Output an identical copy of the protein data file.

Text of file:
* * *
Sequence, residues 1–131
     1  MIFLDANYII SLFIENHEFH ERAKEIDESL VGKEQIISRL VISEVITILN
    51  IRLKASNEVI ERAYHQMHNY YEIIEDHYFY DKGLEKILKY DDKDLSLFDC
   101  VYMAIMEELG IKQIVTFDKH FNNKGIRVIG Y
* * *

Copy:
Sequence, residues 1–131
     1  MIFLDANYII SLFIENHEFH ERAKEIDESL VGKEQIISRL VISEVITILN
    51  IRLKASNEVI ERAYHQMHNY YEIIEDHYFY DKGLEKILKY DDKDLSLFDC
   101  VYMAIMEELG IKQIVTFDKH FNNKGIRVIG Y